What We Did at the Inauguration Party

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You can read about what we ate, which is always a big part of our parties, but for this party, I wanted to do something more, something that would signal to the kids that this was a slightly different party, and have them contribute something that they would remember.

So, we set out red, white and blue construction paper, a sheet of  “Dear President Obama, I hope…” stickers, a few baskets of red, white and blue crayons, and decorative star and American flag stickers.  The kids wrote their wishes for their new President, and I’m going to mail them to the White House along with a note and a picture of  all our guests.

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Of course, I was hoping/thinking the kids would wish for things altruistic, like world peace, or an end to hunger.  But most of them wrote more general things like:

“I hope you have a great time in the White House”

“God helps you”

“You rock!”

“I love you”

“I want you to know that my family voted for you”

“People who do not have a home will have a home”

“You have proved that what matters is how hard you work”

“I love your daughters!”

Of course, when I thought about it, these are the kinds of things that are appropriate for 6 & 7-year olds.  (And, yes, most of them sat down and colored and wrote these cards unsupervised because the parents were busy celebrating, too…)   But for one thing, while these kids are pretty sophisticated when it comes to community service and outreach (a monthly event in their school and required for the upper grades), they are also just kids.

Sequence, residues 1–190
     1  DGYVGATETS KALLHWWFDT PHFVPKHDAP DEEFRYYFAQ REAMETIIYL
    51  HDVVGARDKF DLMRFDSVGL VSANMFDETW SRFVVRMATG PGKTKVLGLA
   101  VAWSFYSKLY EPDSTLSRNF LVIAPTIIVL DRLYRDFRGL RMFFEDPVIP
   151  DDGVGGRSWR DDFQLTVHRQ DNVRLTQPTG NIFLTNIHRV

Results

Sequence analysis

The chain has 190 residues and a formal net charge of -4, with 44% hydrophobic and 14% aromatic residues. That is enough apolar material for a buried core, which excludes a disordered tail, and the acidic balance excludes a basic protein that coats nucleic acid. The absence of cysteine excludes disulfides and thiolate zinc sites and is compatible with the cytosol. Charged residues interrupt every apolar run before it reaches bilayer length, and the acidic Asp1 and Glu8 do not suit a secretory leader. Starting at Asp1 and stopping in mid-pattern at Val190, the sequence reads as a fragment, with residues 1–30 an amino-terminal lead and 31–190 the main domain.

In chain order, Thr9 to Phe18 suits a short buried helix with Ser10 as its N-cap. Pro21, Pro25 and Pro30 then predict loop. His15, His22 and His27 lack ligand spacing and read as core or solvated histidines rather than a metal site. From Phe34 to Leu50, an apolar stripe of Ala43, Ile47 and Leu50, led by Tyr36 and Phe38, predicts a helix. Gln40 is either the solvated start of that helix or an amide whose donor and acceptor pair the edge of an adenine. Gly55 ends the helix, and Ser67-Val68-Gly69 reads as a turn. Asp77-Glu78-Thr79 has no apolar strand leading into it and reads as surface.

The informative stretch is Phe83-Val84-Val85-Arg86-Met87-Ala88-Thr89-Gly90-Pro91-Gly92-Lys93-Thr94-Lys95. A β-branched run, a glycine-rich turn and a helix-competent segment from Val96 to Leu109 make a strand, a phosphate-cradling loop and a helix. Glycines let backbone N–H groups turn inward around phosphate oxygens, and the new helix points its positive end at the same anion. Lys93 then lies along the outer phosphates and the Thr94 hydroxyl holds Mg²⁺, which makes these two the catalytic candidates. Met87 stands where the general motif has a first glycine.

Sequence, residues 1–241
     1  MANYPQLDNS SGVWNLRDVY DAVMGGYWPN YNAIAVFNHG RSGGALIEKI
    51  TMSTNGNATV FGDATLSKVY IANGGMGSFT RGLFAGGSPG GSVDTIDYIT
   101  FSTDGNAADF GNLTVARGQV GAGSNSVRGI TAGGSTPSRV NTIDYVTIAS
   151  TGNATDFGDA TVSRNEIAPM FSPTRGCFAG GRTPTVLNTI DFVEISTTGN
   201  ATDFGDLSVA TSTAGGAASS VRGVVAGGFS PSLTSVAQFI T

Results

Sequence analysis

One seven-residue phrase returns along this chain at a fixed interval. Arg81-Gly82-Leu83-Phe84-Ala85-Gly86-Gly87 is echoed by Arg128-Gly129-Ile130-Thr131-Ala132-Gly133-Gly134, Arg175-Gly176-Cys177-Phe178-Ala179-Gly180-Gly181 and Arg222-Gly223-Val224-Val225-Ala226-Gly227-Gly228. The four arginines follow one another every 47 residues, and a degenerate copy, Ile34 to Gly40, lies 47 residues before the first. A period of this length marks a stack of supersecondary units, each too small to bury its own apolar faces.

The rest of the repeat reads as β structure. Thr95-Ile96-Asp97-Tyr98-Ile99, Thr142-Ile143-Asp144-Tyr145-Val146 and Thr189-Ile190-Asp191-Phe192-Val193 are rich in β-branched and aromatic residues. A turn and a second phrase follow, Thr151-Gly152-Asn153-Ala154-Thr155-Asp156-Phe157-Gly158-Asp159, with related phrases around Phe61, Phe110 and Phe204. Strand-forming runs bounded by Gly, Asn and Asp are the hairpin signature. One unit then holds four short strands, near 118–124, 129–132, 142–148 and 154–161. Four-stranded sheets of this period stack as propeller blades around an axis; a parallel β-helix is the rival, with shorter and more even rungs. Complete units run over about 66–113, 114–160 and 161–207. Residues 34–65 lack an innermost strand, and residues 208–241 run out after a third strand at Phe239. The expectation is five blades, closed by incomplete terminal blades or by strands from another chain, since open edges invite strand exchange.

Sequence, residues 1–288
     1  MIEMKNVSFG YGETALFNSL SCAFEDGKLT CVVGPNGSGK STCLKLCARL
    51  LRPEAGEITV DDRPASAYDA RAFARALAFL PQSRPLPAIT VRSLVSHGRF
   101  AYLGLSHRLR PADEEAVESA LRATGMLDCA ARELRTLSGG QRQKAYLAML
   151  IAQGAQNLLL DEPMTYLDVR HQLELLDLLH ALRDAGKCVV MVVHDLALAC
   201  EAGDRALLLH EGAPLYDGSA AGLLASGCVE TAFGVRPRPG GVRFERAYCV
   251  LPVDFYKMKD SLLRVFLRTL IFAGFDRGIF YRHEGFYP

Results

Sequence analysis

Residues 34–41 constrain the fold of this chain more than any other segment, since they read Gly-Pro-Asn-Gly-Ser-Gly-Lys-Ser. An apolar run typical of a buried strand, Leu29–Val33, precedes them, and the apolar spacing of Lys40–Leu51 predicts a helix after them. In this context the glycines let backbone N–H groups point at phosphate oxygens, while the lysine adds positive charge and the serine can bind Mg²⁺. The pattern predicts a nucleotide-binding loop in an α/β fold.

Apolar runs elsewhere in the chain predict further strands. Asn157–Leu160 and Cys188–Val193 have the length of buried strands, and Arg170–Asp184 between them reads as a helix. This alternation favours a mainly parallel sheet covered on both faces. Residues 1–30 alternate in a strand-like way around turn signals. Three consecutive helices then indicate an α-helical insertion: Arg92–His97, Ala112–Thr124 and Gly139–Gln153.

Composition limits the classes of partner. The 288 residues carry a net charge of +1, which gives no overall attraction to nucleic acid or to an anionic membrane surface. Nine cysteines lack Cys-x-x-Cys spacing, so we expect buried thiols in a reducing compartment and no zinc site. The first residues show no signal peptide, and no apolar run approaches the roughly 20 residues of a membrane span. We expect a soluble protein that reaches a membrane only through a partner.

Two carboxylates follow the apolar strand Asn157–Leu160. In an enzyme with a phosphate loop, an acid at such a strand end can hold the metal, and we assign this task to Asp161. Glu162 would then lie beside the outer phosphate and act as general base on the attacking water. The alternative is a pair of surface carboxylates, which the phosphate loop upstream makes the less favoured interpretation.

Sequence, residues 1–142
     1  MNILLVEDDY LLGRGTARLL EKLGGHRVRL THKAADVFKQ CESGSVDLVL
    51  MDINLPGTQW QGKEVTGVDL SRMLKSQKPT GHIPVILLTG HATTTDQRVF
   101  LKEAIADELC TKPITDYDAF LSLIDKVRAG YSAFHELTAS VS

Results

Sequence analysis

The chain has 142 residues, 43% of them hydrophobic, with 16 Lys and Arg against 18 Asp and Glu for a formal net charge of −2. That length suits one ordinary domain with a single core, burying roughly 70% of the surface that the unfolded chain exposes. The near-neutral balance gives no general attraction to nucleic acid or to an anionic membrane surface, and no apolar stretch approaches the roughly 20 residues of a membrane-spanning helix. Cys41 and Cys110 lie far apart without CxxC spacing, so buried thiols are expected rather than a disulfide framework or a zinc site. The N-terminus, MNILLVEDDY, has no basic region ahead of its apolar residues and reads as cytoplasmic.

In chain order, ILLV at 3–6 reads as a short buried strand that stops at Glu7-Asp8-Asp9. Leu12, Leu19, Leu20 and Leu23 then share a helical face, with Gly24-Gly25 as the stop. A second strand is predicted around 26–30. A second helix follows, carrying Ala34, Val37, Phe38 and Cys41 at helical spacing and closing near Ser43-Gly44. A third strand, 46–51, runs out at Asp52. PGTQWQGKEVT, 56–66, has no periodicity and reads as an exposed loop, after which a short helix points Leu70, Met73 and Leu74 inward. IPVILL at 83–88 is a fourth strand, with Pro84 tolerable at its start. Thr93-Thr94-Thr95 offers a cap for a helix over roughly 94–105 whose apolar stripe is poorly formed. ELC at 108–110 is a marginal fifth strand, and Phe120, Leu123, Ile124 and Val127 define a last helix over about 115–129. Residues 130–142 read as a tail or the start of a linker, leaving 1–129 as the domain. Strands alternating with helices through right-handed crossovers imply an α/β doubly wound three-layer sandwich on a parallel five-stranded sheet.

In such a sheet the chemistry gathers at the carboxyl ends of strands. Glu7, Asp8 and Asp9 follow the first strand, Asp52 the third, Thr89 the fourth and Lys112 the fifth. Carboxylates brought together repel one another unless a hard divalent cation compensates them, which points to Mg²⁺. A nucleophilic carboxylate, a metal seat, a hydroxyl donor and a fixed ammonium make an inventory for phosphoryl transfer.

First graders know that President Obama is the first African American president, some know he looks like them, they all know quite a lot about Martin Luther King, Jr. and the civil rights movement. But not having had much–or any–first hand experience with racism, and not truly and fully knowing the horror of the history of race in this country, the full impact of this election is, of course, lost on them.  As is the spiraling misery of the last eight years, or an awareness of the global crises in progress right now.

But this is a really good thing. Because theirs is the generation that will grow up not without racism or social injustice or global crisis but in what (I hope) will be a new era of hope, with a new attitude of possibility.

If we can be as hopeful in our support for this administration and our democracy as our children already are, this really can be the end of irony and disillusionment.   If we can hope and continue our involvement and hard work, in our neighborhoods, schools, cities, and beyond, our kids will learn more precisely what is possible for them and for their communities working together. And the whole country will benefit from a generation raised with different ideals and different attitudes.

Of course, this is good citizenship.  But it’s also good parenting.

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